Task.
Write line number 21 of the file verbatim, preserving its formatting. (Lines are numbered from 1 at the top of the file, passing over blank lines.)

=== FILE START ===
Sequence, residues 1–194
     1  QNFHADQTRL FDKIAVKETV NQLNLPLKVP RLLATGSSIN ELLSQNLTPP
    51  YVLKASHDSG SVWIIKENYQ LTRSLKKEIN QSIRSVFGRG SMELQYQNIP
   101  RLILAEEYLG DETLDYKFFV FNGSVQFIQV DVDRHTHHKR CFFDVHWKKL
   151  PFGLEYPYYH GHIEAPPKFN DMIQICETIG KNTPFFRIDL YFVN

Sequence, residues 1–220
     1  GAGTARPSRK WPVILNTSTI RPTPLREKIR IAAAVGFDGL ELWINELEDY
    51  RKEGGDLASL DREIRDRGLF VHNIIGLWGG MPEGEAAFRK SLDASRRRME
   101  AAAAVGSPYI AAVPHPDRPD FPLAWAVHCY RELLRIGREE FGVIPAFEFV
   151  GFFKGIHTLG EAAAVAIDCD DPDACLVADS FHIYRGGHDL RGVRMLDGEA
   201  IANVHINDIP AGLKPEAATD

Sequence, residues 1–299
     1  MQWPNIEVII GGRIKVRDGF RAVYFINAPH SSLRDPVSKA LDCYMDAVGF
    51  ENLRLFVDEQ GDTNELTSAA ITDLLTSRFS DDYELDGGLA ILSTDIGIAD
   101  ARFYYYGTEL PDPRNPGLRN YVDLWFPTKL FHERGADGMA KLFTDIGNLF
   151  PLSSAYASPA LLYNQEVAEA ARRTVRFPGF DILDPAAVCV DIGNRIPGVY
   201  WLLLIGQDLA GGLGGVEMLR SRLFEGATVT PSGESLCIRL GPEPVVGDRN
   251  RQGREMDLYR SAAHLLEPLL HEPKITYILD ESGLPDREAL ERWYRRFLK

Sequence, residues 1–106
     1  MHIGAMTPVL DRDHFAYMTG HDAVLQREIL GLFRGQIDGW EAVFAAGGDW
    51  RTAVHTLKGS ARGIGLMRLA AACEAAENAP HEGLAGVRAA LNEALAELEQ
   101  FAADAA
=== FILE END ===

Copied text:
    51  RTAVHTLKGS ARGIGLMRLA AACEAAENAP HEGLAGVRAA LNEALAELEQ